• Trust says CCG refusing to fund regulator-backed elective recovery plan
  • Says there is disagreement over “what level of elective performance is seen to be safe and appropriate”
  • NHSE/I arbitrating two separate contract disputes between the trust and CCG

A West Midlands trust has warned people will be left waiting for surgery for more than a year after commissioners refused to fund a regulator-backed plan to cut its elective waiting list.

Wye Valley Trust’s chief executive Glen Burley told his board last week that he had sought NHS England/Improvement intervention after a disagreement with Herefordshire Clinical Commissioning Group over “what level of elective performance is seen to be safe and appropriate”.

In a paper to the board, Mr Burley said the number of elective procedures the CCG proposed funding “could not be delivered without either wasting capacity or breaching the 52-week waiting time standard”.

The paper said the trust had previously agreed to an elective recovery plan with the CCG, NHS Improvement and the Care Quality Commission after concerns were raised about long waits for surgery at the trust.

The plan required the trust to hit the national target of treating 92 per cent of patients within 18 weeks of referral by April 2021. It was agreed the trust would hit 86 per cent by April 2020.

However, the paper said the CCG has subsequently told the trust it could “no longer afford to commission the activity levels in this financial year to meet the agreed plan”. The trust has offered a compromise, which would include hitting 82.6 per cent by the end of the year with no 52-week breaches, but the CCG had countered that the trust should instead maintain its current performance of treating 80.2 per cent patients with 18 weeks of referral.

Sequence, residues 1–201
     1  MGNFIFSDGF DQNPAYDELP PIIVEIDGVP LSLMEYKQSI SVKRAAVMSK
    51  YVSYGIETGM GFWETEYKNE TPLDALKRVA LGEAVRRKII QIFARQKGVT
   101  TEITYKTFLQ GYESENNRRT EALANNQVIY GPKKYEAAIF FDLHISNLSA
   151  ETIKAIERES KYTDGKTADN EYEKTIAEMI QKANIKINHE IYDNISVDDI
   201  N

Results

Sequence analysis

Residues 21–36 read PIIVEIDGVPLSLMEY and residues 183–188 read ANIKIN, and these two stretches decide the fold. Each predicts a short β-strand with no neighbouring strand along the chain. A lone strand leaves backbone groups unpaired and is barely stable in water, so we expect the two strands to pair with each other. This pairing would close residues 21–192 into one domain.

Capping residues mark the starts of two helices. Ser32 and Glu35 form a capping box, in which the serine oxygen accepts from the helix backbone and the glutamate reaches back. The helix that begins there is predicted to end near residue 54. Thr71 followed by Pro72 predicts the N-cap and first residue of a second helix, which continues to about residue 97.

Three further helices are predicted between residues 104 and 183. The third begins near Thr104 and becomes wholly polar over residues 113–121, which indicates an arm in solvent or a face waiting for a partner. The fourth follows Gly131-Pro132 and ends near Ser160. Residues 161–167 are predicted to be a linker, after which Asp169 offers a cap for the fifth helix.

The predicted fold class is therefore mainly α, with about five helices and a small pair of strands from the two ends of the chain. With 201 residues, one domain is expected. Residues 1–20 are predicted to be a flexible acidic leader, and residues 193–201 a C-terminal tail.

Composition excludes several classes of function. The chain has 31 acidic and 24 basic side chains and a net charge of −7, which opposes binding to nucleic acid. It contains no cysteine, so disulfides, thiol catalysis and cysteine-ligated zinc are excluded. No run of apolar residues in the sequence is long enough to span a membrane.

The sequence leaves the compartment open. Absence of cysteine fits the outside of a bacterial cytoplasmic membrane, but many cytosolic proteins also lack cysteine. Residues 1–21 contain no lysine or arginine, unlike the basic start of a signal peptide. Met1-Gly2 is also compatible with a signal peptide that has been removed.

In last quarter of 2018, the trust had one of the worst referrals to treatment performances in the country but has improved since. There were no 52-week breaches in May this year, the most recent data available shows.

The paper stated: “Whatever position we reach, it appears that we will need to work carefully with the CQC to ensure that they are satisfied with a less ambitious plan.”

The funding of elective activity is one of two ongoing contract disputes between the small trust, that runs hospital and community services in Herefordshire, and its main commissioner. Both matters are with NHSE/I for arbitration.

In December, HSJ reported the trust had unilaterally withdrawn from its block contact with the CCG for 2018-19, claiming it did not cover the growing demand placed on it – specifically clearing the dozens of patients waiting more than 52 weeks for treatment – or shoulder a fair share of the £6m in savings needed across the system.

NHSE/I subsequently ruled the trust should not have withdrawn from its contract, but a dispute is ongoing over who should pay for £8.5m of elective activity carried out by the trust in 2018-19 without payment. 

Wye Valley Trust reported a deficit of £42.2m in 2018-19, which was £19.2m worse than planned. Herefordshire CCG reported a £4.1m deficit for 2018-19.

The CCG did not answer HSJ’s questions regarding the dispute, including whether it accepted the trust’s assertion that lower activity would lead to patients waiting for more than 52-weeks for treatment.

In a statement, a spokesman said: “National planning guidance requires the CCG to commission at least the same levels of performance as the previous year while also ensuring no one waits more than 52 weeks for treatments. Herefordshire CCG has commissioned elective activity from Wye Valley Trust in line with this national planning guidance and is working with the trust to support it in meeting these requirements.”

“Within its own recovery plan it agreed with the CQC the trust has set a higher performance target for elective care than the CCG has commissioned for 2019-20. The trust and the CCG are currently working on how to close this financial gap with NHS England/Improvement.”

An NHSE/I spokeswoman said: “We are working with the trust and the CCG to reach a solution that is beneficial to patients and meets the requirements of both commissioner and provider.”

The CQC and the trust were both approached for comment but did not respond before publication.